Measuring how stress impacts physical activity behaviors in undergraduates

dc.contributor.advisorBartholomew, John B.en
dc.contributor.committeeMemberJowers, Esbelleen
dc.creatorBorn, Katelyn Annen
dc.creator.orcid0000-0001-8748-3591en
dc.date.accessioned2015-10-26T16:16:05Zen
dc.date.available2015-10-26T16:16:05Zen
dc.date.issued2015-08en
dc.date.submittedAugust 2015en
dc.date.updated2015-10-26T16:16:05Zen
dc.descriptiontexten
dc.description.abstractPURPOSE: To examine the effect of self-reported life stress on objective measures of physical activity. METHODS: Participants were a convenience sample of 98 undergraduates. Participants wore an ActiGraph GT1M Accelerometer for 6 consecutive days. Thirty participants were eliminated due to insufficient wear time (at least 8 hours/day). On each day of the week, they completed the Perceived Stress Scale. This was used to identify their highest and lowest stress day of the week excluding weekends. In addition, participants were divided according to their reports of consistent, exercise behavior. ANALYSIS: A 2 (gender) X 2 (day) RM-ANOVA was conducted to examine differences in time spent in MVPA. RESULTS: There was a significant interaction for gender, in that females increased their time spent in MVPA on their high stress day compared to their low stress day while males MVPA did not change, F (1, 66) = 7.55, p = .008. DISCUSSION: These results support findings by Lutz et al (2010), and extend it by using a sample with males and an objective measure of MVPA. Future studies should investigate the impact of exercise behavior on the relationship between stress and exercise.en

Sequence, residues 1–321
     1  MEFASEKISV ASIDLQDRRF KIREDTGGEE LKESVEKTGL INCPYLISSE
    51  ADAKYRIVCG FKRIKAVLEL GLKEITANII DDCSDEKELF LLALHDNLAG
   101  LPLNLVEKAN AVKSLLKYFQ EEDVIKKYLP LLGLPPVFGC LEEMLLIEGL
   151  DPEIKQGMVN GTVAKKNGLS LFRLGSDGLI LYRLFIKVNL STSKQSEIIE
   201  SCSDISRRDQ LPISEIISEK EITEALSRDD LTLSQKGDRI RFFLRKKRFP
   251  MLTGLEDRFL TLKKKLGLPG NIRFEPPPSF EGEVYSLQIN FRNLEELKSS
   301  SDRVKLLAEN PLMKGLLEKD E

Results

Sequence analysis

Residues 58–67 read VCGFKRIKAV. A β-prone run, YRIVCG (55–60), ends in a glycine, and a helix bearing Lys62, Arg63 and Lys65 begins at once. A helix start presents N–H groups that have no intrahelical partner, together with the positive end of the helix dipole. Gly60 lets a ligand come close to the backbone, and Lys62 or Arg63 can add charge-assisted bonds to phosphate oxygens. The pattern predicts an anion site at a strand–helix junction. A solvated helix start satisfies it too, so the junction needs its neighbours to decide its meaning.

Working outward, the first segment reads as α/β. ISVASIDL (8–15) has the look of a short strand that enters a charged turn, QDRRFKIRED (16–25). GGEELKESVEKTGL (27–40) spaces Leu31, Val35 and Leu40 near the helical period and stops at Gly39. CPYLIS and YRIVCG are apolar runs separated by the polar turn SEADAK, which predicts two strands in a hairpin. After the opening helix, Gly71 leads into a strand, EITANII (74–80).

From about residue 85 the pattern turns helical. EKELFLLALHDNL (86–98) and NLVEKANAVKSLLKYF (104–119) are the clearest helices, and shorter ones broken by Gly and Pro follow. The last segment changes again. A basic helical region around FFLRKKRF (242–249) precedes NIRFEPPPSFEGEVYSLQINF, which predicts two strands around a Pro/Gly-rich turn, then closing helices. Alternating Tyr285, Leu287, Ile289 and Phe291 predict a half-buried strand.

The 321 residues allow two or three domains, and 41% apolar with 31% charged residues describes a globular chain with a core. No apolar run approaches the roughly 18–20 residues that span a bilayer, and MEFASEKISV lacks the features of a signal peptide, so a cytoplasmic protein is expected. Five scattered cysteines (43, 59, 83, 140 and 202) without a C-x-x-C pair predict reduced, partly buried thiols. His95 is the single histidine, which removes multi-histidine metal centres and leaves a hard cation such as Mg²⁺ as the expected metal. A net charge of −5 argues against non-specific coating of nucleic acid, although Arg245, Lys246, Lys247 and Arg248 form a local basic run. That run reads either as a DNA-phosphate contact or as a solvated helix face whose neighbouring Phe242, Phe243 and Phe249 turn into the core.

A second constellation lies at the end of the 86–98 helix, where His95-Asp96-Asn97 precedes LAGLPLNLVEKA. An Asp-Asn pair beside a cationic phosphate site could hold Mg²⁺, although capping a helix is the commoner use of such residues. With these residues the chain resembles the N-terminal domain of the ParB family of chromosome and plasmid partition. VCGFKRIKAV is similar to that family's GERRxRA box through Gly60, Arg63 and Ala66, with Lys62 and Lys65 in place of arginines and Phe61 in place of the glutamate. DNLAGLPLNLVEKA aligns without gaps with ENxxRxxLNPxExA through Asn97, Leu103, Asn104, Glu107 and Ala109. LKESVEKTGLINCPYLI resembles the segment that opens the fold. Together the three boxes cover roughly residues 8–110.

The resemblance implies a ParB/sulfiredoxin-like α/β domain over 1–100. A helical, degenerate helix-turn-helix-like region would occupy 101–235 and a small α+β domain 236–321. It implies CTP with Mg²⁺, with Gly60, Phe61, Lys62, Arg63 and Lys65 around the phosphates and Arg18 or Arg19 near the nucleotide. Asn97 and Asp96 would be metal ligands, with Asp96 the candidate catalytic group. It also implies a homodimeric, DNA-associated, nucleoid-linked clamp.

dc.description.departmentKinesiology and Health Educationen
dc.format.mimetypeapplication/pdfen
dc.identifierdoi:10.15781/T2Z89Xen
dc.identifier.urihttp://hdl.handle.net/2152/31941en
dc.language.isoenen
dc.subjectExerciseen
dc.subjectPhysical activityen
dc.subjectPsychologyen
dc.subjectStressen
dc.subjectAccelerometryen
dc.subjectGender differencesen
dc.subjectExercise psychologyen
dc.subjectUndergraduatesen
dc.titleMeasuring how stress impacts physical activity behaviors in undergraduatesen
dc.typeThesisen
thesis.degree.departmentKinesiology and Health Educationen
thesis.degree.disciplineKinesiologyen
thesis.degree.grantorThe University of Texas at Austinen
thesis.degree.levelMastersen
thesis.degree.nameMaster of Science in Kinesiologyen

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